You have always supported me, even in not-so-great times, by reminding me of my faith (who’s really in charge) and showing compassion. Your strong faith in God has been an example to me and others around you. He has led you to be the wonderful person you are today and He has given me the opportunity to know your caring heart.

Thank you for always putting your trust in me, that I could get the job done, when I didn’t always trust myself. Thank you for seeing me through a rough time in my life, when I knew I could count on you for words of wisdom. Thank you for your awesome sense of humor and levity and ability to know when not to take something too seriously. Thank you for your guidance when I was handed a new task or struggling with new directives. Thank you for showing me what it truly means to care about quality of work, but more so to care about the people in and outside the workplace.

I’ve told you that you are the “best boss ever” and I will stand by that forever. You epitomize so many of the excellent qualities one wants in a boss, such as knowing the right words to say and when to say them. With rare exception, I believe past and present employees, in all of your positions, have been thankful for your leadership and friendship…as I have.”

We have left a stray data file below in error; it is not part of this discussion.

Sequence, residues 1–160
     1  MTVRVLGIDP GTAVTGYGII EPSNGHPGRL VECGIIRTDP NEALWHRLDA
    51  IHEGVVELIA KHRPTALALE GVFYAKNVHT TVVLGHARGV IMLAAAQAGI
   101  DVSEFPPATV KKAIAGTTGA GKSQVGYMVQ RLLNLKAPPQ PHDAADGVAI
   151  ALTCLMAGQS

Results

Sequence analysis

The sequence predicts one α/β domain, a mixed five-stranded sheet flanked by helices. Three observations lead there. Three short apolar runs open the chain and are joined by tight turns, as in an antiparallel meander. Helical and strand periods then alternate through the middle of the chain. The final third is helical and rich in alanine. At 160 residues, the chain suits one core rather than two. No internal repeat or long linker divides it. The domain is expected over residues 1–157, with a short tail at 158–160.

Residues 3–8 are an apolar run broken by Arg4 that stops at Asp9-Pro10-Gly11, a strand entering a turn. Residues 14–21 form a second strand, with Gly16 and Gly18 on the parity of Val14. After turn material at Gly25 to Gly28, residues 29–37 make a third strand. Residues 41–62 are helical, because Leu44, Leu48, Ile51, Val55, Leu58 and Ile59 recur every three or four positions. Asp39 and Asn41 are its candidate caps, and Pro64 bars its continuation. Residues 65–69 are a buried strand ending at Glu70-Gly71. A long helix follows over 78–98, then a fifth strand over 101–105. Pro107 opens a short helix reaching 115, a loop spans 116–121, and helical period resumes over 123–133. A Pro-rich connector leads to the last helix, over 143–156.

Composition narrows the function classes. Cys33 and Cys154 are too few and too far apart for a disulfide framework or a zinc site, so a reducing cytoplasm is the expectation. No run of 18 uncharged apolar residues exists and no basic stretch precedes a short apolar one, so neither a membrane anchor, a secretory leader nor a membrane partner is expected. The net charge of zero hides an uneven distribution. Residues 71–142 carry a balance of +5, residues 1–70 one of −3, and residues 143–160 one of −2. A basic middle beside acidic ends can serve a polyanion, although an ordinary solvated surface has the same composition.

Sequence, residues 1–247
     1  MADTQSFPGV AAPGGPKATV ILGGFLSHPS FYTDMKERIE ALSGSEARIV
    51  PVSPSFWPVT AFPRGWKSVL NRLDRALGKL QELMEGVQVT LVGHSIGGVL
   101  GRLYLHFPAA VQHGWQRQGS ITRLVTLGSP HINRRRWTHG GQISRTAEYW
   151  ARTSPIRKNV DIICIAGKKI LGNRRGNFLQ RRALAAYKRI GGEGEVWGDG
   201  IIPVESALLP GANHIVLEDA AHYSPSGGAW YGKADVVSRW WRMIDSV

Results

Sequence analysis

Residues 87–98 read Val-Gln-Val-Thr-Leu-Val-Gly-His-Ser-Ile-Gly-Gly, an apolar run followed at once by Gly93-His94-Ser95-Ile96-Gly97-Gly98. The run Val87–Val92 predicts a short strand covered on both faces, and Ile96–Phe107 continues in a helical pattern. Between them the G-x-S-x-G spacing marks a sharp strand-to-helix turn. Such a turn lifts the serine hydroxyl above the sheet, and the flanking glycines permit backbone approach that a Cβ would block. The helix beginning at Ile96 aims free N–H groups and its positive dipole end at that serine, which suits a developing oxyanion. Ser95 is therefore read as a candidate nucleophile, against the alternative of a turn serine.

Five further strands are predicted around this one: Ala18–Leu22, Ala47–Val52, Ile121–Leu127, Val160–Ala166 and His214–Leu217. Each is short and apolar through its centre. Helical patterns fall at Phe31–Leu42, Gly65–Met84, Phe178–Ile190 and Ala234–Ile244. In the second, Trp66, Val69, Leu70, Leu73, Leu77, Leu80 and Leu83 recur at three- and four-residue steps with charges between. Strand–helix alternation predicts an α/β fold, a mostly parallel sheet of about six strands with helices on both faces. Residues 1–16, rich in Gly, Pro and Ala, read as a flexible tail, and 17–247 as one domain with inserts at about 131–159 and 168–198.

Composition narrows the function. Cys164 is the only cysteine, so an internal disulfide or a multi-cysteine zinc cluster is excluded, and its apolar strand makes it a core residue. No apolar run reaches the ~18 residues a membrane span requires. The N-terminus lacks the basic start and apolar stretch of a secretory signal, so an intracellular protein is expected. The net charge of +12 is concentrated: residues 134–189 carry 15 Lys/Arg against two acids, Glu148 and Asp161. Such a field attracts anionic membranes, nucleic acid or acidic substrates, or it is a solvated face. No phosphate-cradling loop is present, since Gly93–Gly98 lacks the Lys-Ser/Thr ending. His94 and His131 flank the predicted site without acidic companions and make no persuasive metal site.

Rose is a leader that inspires others to follow her example.

 leaderAnd she does.

I’m going to miss her practice and the almost perfect leader that is Rose.

MJM Readers, have you ever had or do you have The Almost Perfect Boss? If you said “yes” or are nodding your head, I’d like to hear about him or her and their exceptional qualities.


Note to Twitter and Facebook friends: I will not be sharing this post via any other media simply because Rose is a Facebook friend. I wouldn’t want her to read this before I can hand her the letter on Tuesday. That would be so embarrassing.

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28 responses to The Almost Perfect Leader

  1. Awesome. Given the experience of myself and the Husband, you should consider yourself blessed to have had one of the “Almost Perfect Boss”es. I suspect they are thin on the ground. (I hope I’m proved wrong by the ensuing comment stream.)

    It pains me to say this but do you know where I experienced the worst management? When I worked as office secretary for the church to which I belonged. In my experience (and others), churches don’t do HR well. But luckily that behaviour forced me out and now I’m where I think I’m meant to be so I guess it served a purpose. 🙂

    • bikerchick57 says:

      It’s difficult for me to fathom that the people who are supposed to be walking closely with Christ are the bad bosses of your world. How does that happen?